Because of the damage caused to the CNT structure, chemical functionalization of CNTs may degrade electrical conductivity. In this embodiment, the degree of functionalization was tailored to 4%, to limit electrical conductivity degradation. FIG. 10C shows the comparison of electrical conductivities of CNT sheet/BMI composites with and without functionalization. Table 2 shows the electrical conductivity of the samples. The electrical conductivities of the functionalized CNT composites only show a small reduction, less than 5%, due to the lower degree of functionalization.
  • [0000]
    TABLE 2
    Comparison of electrical conductivities of CNT sheets/BMI
    composites with and without functionalization.
    Electrical
    conductivity
    Specimen (S/cm)
    Pristine random CNT sheet/BMI composite 915
    Functionalized random CNT sheet/BMI composite 880
    Pristine 30% stretch CNT sheet/BMI composite 1800
    Functionalized 30% stretch CNT sheet/BMI composite 1699
    Pristine 40% stretch CNT sheet/BMI composite 5500
    Functionalized 40% stretch CNT sheet/BMI composite 5226
  • [0069]
    To compare with the state-of-the-art aerospace—grade unidirectional carbon fiber composites for structural applications, the mechanical properties of the resultant CNT sheet/BMI composites were normalized to 60 vol % nanotube volume contents. FIG. 11 illustrates the results. The results illustrate that the degree of alignment CNT effects the mechanical properties and increasing the alignment improves mechanical properties of resultant CNT sheet/BMI composites. The mechanical properties of pristine 40% stretch alignment CNT sheet/BMI composites reached the standard UD carbon fiber reinforced composites, such as AS4 and IM7 carbon fiber composites.
  • [0070]
    After functionalization, the mechanical properties of functionalized 40% stretch alignment CNT sheet/BMI composites were further improved. The Young's modulus exceeded that of the best high-modulus carbon fiber composites such as M60J epoxy composite, and the tensile strength was 10-20% higher than the best high-strength carbon fiber composites, such as T1000G carbon fiber composites.
  • [0071]
    In this embodiment, we successfully combined the tailored degree of the functionalization and alignment enhancement to achieve record-high performance for the CNT sheet reinforced epoxy and BMI composites. For the first time, the mechanical properties of CNT/BMI composites exceeded the state-of-the-art high-strength and high-modulus unidirectional carbon fiber composites for structural applications. Furthermore, the effect of CNT functionalization on Tg and electrical conductivity was limited by employing a low degree of functionalization.

Claims (15)

    We claim:
  1. 1. A method for making a composite material comprising:
    functionalizing a sheet of carbon nanotubes to produce a sheet of functionalized carbon nanotubes having a degree of functionalization between about 1% to about 10%;
    aligning the carbon nanotubes; and, thereafter
    impregnating the sheet of functionalized and aligned carbon nanotubes with a matrix material and allowing the sheet of functionalized and aligned carbon nanotubes bond with the matrix material.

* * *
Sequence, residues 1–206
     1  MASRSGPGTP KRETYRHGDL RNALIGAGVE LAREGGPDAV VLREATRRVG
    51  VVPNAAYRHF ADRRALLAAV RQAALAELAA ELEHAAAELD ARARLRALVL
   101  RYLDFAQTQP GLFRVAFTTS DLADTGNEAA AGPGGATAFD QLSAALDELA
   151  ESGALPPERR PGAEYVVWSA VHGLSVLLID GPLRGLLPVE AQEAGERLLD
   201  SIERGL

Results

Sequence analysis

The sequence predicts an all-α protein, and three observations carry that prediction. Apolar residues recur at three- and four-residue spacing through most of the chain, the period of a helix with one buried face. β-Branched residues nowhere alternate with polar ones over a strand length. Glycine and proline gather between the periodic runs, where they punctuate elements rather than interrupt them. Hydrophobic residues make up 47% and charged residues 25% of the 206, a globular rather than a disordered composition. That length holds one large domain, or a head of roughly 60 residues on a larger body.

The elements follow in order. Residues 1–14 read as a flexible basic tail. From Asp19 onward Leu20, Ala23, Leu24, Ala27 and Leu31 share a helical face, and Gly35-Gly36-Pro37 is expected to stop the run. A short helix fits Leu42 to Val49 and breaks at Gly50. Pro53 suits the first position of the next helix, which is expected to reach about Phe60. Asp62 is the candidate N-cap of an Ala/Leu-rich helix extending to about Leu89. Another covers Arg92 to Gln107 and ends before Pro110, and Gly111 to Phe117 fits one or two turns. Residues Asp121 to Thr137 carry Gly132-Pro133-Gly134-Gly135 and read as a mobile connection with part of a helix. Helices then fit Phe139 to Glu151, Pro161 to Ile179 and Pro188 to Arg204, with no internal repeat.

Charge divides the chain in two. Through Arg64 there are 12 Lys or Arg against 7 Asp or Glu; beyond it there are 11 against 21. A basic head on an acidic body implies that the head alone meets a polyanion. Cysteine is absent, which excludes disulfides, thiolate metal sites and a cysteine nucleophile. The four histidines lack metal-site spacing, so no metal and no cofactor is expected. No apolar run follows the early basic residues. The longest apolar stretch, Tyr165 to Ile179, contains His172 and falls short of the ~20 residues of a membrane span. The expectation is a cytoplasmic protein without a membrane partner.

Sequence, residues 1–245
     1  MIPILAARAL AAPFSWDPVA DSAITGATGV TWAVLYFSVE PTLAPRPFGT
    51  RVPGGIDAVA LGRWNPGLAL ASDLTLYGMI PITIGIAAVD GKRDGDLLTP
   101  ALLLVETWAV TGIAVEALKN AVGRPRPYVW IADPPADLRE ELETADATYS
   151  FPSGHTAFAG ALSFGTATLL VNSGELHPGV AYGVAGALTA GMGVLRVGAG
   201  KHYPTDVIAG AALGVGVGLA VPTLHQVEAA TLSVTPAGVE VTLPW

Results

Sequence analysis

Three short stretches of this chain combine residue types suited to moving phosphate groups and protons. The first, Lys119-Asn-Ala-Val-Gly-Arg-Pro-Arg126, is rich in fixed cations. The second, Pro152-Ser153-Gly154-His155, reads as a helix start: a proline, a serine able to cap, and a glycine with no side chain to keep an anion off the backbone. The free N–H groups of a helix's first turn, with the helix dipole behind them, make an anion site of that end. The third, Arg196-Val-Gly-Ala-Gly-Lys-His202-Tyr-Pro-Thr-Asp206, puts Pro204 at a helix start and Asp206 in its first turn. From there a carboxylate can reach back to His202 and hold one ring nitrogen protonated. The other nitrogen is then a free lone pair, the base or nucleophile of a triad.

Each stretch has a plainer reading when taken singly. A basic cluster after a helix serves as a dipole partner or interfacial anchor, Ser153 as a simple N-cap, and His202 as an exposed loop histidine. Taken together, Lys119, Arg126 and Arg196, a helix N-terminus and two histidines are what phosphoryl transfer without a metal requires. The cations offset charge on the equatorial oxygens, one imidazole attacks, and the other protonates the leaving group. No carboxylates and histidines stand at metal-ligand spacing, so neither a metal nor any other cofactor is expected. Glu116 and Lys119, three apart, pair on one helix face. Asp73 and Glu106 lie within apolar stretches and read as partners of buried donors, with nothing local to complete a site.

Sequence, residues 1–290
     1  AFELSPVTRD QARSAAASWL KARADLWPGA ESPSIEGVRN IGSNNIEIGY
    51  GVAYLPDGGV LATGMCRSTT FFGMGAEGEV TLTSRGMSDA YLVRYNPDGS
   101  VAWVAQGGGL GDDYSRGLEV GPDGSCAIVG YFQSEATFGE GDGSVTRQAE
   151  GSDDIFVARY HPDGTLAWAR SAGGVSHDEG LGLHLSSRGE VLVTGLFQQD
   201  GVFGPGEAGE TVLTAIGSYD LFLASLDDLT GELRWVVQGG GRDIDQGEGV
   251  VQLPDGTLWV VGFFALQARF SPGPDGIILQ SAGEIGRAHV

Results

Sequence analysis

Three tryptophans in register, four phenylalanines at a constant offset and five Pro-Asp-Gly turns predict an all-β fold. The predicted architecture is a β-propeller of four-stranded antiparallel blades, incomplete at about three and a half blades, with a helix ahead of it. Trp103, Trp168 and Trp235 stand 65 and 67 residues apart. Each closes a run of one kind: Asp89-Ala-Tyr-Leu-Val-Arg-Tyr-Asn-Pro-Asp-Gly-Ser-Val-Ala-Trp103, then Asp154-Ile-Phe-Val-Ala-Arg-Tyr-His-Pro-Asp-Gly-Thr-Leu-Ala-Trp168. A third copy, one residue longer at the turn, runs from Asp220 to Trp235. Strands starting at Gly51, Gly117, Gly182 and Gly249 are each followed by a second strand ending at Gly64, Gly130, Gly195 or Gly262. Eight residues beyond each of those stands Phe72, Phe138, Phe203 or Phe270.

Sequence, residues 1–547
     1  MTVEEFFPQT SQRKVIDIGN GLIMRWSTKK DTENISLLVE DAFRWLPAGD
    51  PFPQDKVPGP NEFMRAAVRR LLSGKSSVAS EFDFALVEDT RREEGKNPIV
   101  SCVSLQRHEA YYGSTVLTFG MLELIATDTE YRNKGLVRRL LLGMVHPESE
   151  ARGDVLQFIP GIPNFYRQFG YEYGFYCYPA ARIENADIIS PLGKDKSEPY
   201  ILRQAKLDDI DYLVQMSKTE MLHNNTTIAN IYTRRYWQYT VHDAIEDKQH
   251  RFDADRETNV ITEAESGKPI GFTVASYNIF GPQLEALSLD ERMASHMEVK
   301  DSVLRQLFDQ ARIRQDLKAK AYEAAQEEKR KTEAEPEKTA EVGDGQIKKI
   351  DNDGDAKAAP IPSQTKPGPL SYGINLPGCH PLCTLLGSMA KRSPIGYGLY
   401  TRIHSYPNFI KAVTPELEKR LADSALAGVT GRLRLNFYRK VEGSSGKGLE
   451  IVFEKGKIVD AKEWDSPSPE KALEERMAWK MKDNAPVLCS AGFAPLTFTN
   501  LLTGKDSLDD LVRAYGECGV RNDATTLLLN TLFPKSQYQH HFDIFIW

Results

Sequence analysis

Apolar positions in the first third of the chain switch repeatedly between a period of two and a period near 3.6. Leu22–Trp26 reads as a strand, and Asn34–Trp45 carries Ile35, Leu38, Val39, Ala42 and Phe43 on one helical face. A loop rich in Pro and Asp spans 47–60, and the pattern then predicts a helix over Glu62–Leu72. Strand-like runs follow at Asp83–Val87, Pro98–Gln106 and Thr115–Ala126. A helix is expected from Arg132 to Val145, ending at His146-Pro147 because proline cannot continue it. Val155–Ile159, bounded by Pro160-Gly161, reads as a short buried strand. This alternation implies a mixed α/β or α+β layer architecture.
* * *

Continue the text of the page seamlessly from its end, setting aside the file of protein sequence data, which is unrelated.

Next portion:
2. 2. The method of claim 1, wherein the step aligning the carbon nanotubes is performed before functionalizing the sheet of carbon nanotubes.
  3. 3. The method of claim 1, further comprising contacting the sheet of functionalized and aligned carbon nanotubes with a curing agent.
  4. 4. The method of claim 3, wherein the curing agent comprises at least two chemical features selected from the group consisting of an amine, a hydroxyl group, and a double bond.
  5. 5. The method of claim 3, wherein the curing agent comprises DETDA.
  6. 6. The method of claim 3, wherein the curing agent comprises 2-allyl-4-t-butylphenol.
  7. 7. The method of claim 1, wherein the matrix material comprises an epoxide, bismaleimide (BMI), polyimide, canatye, thermoplastic, polyether-ether-ketone (PEEK), polyphenylene sulfide (PPS), polysulfone (PSF), self-reinforcing polymer, polyethersulfone (PES), polycarbonate, or any combination thereof.
  8. 8. The method of claim 1, wherein the matrix material comprises bis(2-(oxiran-2-ylmethoxy)phenyl)methane.
  9. 9. The method of claim 1, wherein the sheet of carbon nanotubes is functionalized by contacting the sheet of carbon nanotubes with a peroxyacid.
  10. 10. The method of claim 9, wherein the peroxyacid is m-CPBA.
  11. 11. The method of claim 1, wherein in the step of aligning the carbon nanotubes, the carbon nanotubes are aligned to an alignment of about 60% or more.
  12. 12. The method of claim 11, wherein in the step of aligning the carbon nanotubes, the carbon nanotubes are aligned to an alignment of about 80% or more.
  13. 13. The method of claim 1, wherein the carbon nanotubes are aligned by stretching the sheet of carbon nanotubes.
  14. 14. The method of claim 1, wherein the degree of functionalization is from about 1% to about 5%.
  15. 15. The method of claim 14, wherein the degree of functionalization is about 4%.